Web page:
Wednesday, October 29, 2008

First Snow



Wednesday, October 29, 2008

Returned home late yesterday, but fully aware that a big storm was coming. It was billed as a possible nor'easter and I knew that this time of year that could mean about anything. One forecaster had the Adirondacks of New York lined up with 12-14 inches of snow and high winds so I decided I'd try one last time to grab a few pictures and enjoy the fall scene.

The list of things to clean up in the gardens before serious snow arrives is quite long and this apparently is not the year to challenge Mother Nature. That reminder was confirmed when Vermont Public Radio mentioned a major storm of over a foot of snow on the same day in 1952. Although quite young, I remember that year well because that was when we were fairly new to Vermont and depended on a vegetable garden for food. Let me leave it that there was just not a lot to go around. Unlike the melting snow, those memories have never left me.





I changed quickly and got Karl the Wonder Dog and the camera and away we went with Karl's nose pointed out the truck window, sniffing and snorting fall smells of interest. We arrived down at Ethan Allen Corners and the view I wanted was perfect, although the rain didn't help the photographer much. The tamaracks are a beautiful yellow right now and they contrast against the rusty browns and yellows of the swamp grass. This valley opens with wildlife this time of year as large game cross back and forth and waterfowl follow the small stream southwest to where it meets the Winooski River. This is an area that makes you want to stop and stare and enjoy.

We turned around and headed back home as I wanted to walk the shade garden again. That garden has been a part of me since I began to build it years ago. It presents a tranquility, a peacefulness that I thrive on. I miss it when I can't find the time to enjoy it.

We made it to the garden bench and I spread out my jacket and sat down. Karl chased a chipmunk that was missing an inch of his tail. Rain fell, but the smell of the leaves on the air was refreshing just the same. In front of me were dozens of hostas, topless and well trimmed. Deer on fall maneuvers had diligently eaten each leaf, flower scape and seed pod, leaving only spiky looking affairs that could have served as models to Dale Chihuly's beautiful glass art. Oh those deer...what an unusual relationship I have with them!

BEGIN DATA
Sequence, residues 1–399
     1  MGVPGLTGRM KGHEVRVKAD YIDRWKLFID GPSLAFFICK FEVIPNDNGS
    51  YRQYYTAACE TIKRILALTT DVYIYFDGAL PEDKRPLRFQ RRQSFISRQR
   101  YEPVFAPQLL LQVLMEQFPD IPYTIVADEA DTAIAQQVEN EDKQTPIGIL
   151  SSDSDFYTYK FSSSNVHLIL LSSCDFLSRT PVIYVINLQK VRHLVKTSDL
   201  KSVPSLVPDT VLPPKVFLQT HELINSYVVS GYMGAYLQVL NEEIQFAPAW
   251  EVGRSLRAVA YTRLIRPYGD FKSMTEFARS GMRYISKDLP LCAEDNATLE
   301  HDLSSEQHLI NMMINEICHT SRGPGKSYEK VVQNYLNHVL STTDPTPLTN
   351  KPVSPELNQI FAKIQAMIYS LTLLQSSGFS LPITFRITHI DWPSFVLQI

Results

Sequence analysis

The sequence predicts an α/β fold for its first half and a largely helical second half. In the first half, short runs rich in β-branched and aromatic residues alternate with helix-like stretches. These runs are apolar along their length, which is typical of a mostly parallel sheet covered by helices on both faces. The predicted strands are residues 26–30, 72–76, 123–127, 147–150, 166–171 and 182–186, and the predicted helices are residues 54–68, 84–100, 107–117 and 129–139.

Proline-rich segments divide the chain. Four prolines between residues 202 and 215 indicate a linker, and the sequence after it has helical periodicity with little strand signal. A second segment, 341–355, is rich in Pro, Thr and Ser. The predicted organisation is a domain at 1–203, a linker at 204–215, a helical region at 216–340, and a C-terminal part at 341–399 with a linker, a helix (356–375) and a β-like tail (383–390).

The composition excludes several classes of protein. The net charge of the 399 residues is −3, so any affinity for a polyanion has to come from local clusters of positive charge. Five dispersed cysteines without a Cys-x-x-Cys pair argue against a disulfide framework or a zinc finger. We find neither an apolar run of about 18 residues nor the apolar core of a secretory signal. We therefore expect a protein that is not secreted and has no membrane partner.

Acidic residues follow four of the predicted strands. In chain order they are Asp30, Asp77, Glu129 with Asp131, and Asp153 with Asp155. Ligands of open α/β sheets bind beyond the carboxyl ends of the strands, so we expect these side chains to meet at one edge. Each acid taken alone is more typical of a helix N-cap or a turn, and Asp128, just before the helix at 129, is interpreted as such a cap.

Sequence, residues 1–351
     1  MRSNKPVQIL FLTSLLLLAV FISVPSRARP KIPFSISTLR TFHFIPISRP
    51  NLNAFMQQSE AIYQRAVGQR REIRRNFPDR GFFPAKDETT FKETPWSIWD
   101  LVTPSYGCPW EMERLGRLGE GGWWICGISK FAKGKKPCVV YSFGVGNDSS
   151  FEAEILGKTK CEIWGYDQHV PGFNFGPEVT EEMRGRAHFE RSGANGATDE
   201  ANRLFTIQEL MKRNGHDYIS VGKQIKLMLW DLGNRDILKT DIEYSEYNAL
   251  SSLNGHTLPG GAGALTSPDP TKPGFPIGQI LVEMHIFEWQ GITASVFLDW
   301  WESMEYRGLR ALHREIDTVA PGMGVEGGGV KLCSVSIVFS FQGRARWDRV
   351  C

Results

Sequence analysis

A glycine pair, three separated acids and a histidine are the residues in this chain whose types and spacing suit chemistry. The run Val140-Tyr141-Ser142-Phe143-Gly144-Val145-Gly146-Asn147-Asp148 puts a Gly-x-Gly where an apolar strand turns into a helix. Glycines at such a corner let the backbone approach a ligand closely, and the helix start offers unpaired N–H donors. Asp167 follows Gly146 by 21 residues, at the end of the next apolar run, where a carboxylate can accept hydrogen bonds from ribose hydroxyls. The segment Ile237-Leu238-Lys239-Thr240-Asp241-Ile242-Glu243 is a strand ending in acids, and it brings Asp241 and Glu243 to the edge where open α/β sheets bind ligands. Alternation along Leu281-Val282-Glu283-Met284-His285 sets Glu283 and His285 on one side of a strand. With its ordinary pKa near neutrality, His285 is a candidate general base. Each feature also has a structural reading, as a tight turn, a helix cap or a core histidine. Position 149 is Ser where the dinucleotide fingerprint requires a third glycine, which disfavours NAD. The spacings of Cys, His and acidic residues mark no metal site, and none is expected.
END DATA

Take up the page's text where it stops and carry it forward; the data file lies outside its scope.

I couldn't sit as long as I wanted. Karl was impatient and I wanted to walk a little more. The power of the granite foundation blocks looked stronger than ever, their color enhanced by the rain. The Christmas Ferns were beautiful and the adjacent groupings of European Ginger contrasted so well with the fallen maple leaves.


As Karl and I walked up out of the sunken garden, the Japanese primroses and the various hellebores were obvious. The wet summer days had set the year's seed crop well and gave last year's new plants a good jump start. Next spring Gail will have a good selection to dig and pot for sales.

We reached the yard and I noticed a crab apple tree shaking with a flock of robins devouring the seeded fruits.For some reason a line from an old Johnny Cash song came back to me, not the song's name, not the whole line, just a piece, hopefully correct, kind of appropriate to the view.

"Did you ever see a robin weep, when leaves begin to die?"

We grabbed the mail out of the box, waved to a passing neighbor and headed for the house. Our brief mission was complete.



Writing from the mountain above Peacham Pond where geese are resting for the night, hopeful for clear skies tomorrow.

George Africa
The Vermont Gardener
Vermont Gardens
Vermont Flower Farm


4 comments:

joey said...

My heart was near you with this beautiful post, George. I saw my first snowflake yesterday, taking my grandboys to the cider mill. So many chores left to do as winter knocks on the door. "Did you ever see a robin weep, when leaves begin to die?", touched my soul. A ROBIN'S WINTER is the name of my brother's book that we published after his sudden death. With heartfelt thoughts ...

Tyra in Vaxholm said...

Oh George wonderful photos and nice words, the autumn really has a great palette. / LOL Tyra

George Africa said...

Hello Joey;
I looked up your brother's book and read a page or so on Amazon. It was about affectionate but sisterly "sharing" at an early age (yours). Nice.

Today was cold and rainy off and on and the robins continued to harvest the crab apples while other birds kept checking the feeders which remain empty until Thanksgiving when the bears go to sleep--I hope.

George

George Africa said...

"First Snow" is an uncertain event depending on where you live. Same holds true with autumn foliage. I notice that the Brooklyn Botanical Garden has a foliage photo contest going right now but it started in mid October when our foliage is on its last leg.

I wrote to BBG and said I'd like to compete but it would have to be more of a twig competition because save for tamaracks and birches, our foliage is gone.

George Africa
The Vermont Gardener
Vermont Gardens
Vermont Flower Farm